Developments in Washington from the Perspective of Small Businesses
PDE staff participated in a Virtual Summit organized by the National Federation of Independent Business (NFIB). Our report of the event follows:
On September 15, the NFIB held a Virtual Summit featuring interesting debates on the impact of health care reform proposals and the state of the economy on small businesses.
In the “Healthcare for Small Business” session, the panel discussed the difficulties small business are facing in attracting talent due to the disadvantages they face when obtaining adequate health insurance for their smaller workforce, and the ways that reform can address these difficulties. Stuart Butler, Vice President for Domestic & Economic Policy Studies at the Heritage Foundation, emphasized that “a mandate for small businesses is not the way to increase coverage” because it would actually hurt business formation. He called for: a) regulation that would encourage the creation of a much wider range of outside plan options, and b) for clarification of the tax code such that employees can receive tax benefits regardless of where they obtain their plans. Len M. Nichols, Director of Health Policy Programs at the New America Foundation, emphasized that for small businesses to have more choices, government should reorganize the insurance market through smart measures such as a guarantee that insurers will not discriminate.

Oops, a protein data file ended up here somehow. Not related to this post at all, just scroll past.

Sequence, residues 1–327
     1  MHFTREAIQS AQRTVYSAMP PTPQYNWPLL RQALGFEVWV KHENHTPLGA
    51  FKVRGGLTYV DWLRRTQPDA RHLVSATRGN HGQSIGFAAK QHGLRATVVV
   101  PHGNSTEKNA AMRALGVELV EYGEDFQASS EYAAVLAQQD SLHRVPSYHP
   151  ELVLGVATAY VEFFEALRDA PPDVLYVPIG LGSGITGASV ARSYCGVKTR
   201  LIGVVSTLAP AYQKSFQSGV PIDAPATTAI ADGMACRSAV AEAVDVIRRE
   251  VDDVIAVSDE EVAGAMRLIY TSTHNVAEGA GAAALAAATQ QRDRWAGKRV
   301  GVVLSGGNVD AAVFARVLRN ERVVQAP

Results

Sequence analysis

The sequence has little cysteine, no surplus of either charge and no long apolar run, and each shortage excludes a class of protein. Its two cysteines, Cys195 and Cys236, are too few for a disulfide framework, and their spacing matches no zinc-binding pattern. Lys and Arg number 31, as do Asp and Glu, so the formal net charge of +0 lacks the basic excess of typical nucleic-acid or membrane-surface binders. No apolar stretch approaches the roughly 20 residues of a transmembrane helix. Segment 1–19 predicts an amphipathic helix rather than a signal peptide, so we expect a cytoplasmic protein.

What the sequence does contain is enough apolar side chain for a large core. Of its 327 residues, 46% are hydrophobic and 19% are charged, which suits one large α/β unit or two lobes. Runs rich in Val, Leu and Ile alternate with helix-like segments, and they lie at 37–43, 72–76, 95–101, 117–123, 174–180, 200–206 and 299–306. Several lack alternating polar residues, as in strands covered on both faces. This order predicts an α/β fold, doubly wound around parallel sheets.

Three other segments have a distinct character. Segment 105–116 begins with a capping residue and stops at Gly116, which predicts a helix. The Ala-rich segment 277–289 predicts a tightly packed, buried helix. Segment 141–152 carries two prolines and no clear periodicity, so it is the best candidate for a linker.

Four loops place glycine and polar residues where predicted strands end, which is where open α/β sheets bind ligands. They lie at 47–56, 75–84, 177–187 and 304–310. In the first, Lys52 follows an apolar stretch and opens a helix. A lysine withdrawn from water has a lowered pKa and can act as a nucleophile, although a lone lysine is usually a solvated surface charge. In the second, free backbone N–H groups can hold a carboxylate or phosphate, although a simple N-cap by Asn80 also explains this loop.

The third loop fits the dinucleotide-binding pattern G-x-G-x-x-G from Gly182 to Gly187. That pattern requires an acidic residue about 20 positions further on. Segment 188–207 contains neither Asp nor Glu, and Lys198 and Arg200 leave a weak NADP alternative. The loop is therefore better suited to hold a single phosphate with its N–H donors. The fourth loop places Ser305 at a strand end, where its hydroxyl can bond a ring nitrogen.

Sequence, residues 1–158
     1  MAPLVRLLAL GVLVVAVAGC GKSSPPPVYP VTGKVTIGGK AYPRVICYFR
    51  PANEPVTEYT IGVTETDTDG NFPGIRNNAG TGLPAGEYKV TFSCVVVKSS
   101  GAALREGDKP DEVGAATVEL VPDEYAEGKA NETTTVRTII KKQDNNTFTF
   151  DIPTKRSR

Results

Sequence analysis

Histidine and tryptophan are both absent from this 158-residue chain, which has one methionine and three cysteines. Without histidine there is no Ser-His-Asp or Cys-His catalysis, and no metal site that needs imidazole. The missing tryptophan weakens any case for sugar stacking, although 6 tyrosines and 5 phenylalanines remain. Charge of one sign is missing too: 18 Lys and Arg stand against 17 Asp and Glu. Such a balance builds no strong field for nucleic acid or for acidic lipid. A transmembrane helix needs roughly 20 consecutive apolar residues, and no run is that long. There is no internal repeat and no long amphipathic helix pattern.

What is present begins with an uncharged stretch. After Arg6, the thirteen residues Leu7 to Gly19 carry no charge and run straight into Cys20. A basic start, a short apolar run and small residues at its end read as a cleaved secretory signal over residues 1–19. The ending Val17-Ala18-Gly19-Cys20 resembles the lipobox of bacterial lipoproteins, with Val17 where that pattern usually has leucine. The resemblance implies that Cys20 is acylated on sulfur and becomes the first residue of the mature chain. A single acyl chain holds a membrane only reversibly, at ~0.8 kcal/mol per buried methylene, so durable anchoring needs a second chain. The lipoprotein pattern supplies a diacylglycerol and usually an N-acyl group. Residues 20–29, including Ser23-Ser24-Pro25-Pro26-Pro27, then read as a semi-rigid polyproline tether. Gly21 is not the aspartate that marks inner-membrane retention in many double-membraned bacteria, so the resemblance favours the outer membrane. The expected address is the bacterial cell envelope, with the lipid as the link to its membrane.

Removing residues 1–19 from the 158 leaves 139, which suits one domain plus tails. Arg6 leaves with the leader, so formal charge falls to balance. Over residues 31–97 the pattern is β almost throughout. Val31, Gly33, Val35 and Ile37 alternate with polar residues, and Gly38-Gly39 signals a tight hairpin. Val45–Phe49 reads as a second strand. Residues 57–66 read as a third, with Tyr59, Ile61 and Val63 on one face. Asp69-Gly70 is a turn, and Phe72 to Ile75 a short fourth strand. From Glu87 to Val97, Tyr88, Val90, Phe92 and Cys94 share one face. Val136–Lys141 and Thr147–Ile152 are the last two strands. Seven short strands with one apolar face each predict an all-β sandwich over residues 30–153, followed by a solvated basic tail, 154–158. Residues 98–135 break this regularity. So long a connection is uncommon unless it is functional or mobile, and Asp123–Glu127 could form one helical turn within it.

Kent Hoover, the Washington Bureau Chief of the Washington Business Journal, commenting on the possible public option, explained that small business owners are divided on the issue. Some feel that such measure is needed to keep insurance companies honest, while others that a public option would undercut private insurers, raising costs.
Health care reform was also a topic of discussion in a second policy-related session, “Small Business and the Economy.” Panelist William C. Dunkelberg, NFIB Chief Economist, said: “Don’t use small businesses to do things the government does not want to do.”
Addressing the question of how the recession has affected small businesses, Dunkelberg explained that the biggest problem for small businesses has been weak sales, rather than a credit crunch. Lack of credit is not unusual for young businesses, but other factors do make this prolonged recession particularly challenging. Although it is more difficult to obtain credit, only 4 percent of small business owners reported access to credit as their major problem, according to a NFIB poll.
David Walker, President and CEO of the Peter G. Peterson Foundation, expressed more concern for the structural challenges that the United States faces than for the short term impacts of this recession. Among the most pressing challenges are the rising debt and deficit spending. Denny Dennis, NFIB Senior Research Fellow, mentioned the following future implications for small businesses: increased direct taxes (e.g., value-added tax), increased indirect taxes (e.g., employer mandate), and a reduction in benefits or expenditures (e.g., raising the eligibility age for social security, worse service at the post office, possibility of government borrowing crowding out credit for small businesses, etc.).
Besides a health care reform that will improve the financial outlook, panelists agreed that Washington can help small businesses by addressing the problems associated with deficit spending and the national debt.
[Reported by Cristina Fernandez and Marianne Sierocinski]